Academic journal article Political Research Quarterly

God Save This Honorable Court: Religion as a Source of Judicial Policy Preferences

Academic journal article Political Research Quarterly

God Save This Honorable Court: Religion as a Source of Judicial Policy Preferences

Article excerpt


If Supreme Court behavior is structured largely by the policy preferences of the justices, political scientists ought to consider the source of those preferences. Religion is one force that can strongly shape a judge's worldview and therefore her or his votes. In this article, the author examines the effect of religion on U.S. Supreme Court votes in eleven issue areas plausibly connected to religious values. Catholic justices vote in ways that more closely adhere to the teachings of the Catholic Church than do non-Catholic justices even after controlling for ideology. These results may indicate that Catholic theology is different from Protestant or Jewish theology. It is also possible that on some issues there is not much of a theological difference, but religious values play a more prominent role in public life for Catholic justices.


Supreme Court, policy preferences, religion, Catholic

The religious composition of the U.S. Supreme Court has undergone a remarkable transformation. Although in decades past, presidents consciously limited Catholic participation on the Court to one seat (Noonan 1981; Perry 2008), the current Court has six Catholic members. With Justice Stevens's retirement and replacement by Elena Kagan, the current Court has no Protestant members for the first time in its history. This change in religious makeup has prompted journalists who cover the Court to speculate whether religion influences a justice's decision making (Biskupic 2009; Liptak 2010; Lithwick 2009). This question should also be of interest to political scientists, but with a couple of exceptions (Pinello 2003; Songer and Tabrizi 1999) most of the recent literature in judicial politics has overlooked religion as a potential explanatory variable.

If the attitudinal model (Segal and Spaeth 1993) is correct- that behavior on the Supreme Court is shaped largely by the justices' policy preferences-it would behoove political scientists to examine where a justice's preferences originate. It is plausible that a judge's religion would shape her or his political worldview and consequently her or his decisions, especially if judges are sometimes unconstrained by legal doctrine. In other fields of political science, religion has been shown to play a role in shaping the worldview and behavior of legislators (Daynes and Tatalovich 1984; Tatalovich and Schier 1993) and voters (Green, Rozell, and Wilcox 2006; Jelen and Wilcox 2003). Similarly, judicial politics scholars have considered the role of gender and race as drivers of policy preferences (Boyd, Epstein, and Martin 2010; Farhang and Wawro 2004). This article hopes to revive an old tradition in judicial politics research (e.g., Goldman 1975; Nagel 1969; Ulmer 1973) by taking a fresh look at the effect of religion on judging.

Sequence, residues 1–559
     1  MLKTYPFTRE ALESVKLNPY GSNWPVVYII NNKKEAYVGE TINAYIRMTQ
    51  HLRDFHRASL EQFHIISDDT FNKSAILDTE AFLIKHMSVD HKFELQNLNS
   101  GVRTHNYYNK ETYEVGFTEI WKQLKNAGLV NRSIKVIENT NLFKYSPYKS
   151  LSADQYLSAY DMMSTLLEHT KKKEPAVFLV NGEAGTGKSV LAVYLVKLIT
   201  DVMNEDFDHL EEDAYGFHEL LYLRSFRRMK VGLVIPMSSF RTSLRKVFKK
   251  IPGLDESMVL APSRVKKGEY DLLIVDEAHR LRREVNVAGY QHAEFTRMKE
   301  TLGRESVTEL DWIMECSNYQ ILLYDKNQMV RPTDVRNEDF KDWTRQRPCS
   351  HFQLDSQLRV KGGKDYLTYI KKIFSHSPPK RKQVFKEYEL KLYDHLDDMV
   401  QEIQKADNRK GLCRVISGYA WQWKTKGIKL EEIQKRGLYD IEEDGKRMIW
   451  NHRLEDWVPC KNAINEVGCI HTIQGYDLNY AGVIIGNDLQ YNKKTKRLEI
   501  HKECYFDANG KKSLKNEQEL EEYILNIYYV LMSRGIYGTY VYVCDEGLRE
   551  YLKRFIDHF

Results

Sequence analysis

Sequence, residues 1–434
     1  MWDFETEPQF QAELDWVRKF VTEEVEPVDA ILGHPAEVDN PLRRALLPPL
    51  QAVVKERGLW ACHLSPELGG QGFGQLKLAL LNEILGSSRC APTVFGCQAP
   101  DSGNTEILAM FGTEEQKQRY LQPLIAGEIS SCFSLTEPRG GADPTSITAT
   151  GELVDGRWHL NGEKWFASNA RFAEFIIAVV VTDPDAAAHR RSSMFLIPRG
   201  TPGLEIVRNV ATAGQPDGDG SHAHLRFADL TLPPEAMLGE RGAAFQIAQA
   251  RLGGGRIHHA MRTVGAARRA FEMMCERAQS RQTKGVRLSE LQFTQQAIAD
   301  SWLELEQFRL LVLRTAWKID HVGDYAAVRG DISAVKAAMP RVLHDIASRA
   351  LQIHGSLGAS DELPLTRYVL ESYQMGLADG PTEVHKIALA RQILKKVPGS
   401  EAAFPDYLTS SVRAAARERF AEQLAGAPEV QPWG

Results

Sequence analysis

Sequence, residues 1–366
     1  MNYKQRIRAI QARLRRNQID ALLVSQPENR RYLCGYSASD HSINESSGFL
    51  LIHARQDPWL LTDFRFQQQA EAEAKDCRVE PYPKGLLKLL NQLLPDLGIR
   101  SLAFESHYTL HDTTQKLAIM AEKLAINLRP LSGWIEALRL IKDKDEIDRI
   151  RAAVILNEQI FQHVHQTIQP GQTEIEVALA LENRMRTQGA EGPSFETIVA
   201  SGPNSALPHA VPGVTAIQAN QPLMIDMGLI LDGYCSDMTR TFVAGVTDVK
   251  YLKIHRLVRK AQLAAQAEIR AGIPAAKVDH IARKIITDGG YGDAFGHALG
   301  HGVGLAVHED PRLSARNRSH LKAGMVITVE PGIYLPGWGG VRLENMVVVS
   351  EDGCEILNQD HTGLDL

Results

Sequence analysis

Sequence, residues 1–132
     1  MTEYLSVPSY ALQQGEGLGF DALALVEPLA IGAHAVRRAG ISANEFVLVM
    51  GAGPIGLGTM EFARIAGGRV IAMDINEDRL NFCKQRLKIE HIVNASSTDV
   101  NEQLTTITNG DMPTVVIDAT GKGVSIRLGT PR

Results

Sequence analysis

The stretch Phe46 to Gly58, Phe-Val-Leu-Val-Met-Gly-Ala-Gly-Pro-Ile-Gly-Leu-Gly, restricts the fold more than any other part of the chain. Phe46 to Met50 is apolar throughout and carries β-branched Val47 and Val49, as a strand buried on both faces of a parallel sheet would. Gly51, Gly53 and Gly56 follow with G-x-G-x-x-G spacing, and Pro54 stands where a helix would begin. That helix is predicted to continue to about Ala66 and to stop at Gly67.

The notion of basing judicial decisions on religious values is one that several justices have rejected publicly. Concerning prayer in schools, Justice Brennan stated, "I had an obligation under the Constitution which could not be influenced by any of my religious principles" (as cited in Biskupic 2009, 188). On the issue of abortion, Justice Scalia said, "I have religious views on the subject. But they have nothing whatsoever to do with my job" (as cited in Biskupic 2009, 191). Both of these justices may be right in the sense that they never consciously base their judicial behavior on their religious values, but it would be impossible for a judge to suppress her or his values completely. Courts make rulings on vital moral and social issues, including whether police conduct "shocks the conscience" (Rochin v. California 1952). It would be very difficult in these sorts of cases for a judge to check her or his conscience at the courthouse door.

This article analyzes voting behavior on the U.S. Supreme Court in nonunanimous cases between the 1953 and 2007 terms. This broad time frame allows for a rich comparison of very different Catholic justices, including the liberal William Brennan and the conservative Antonin Scalia. …

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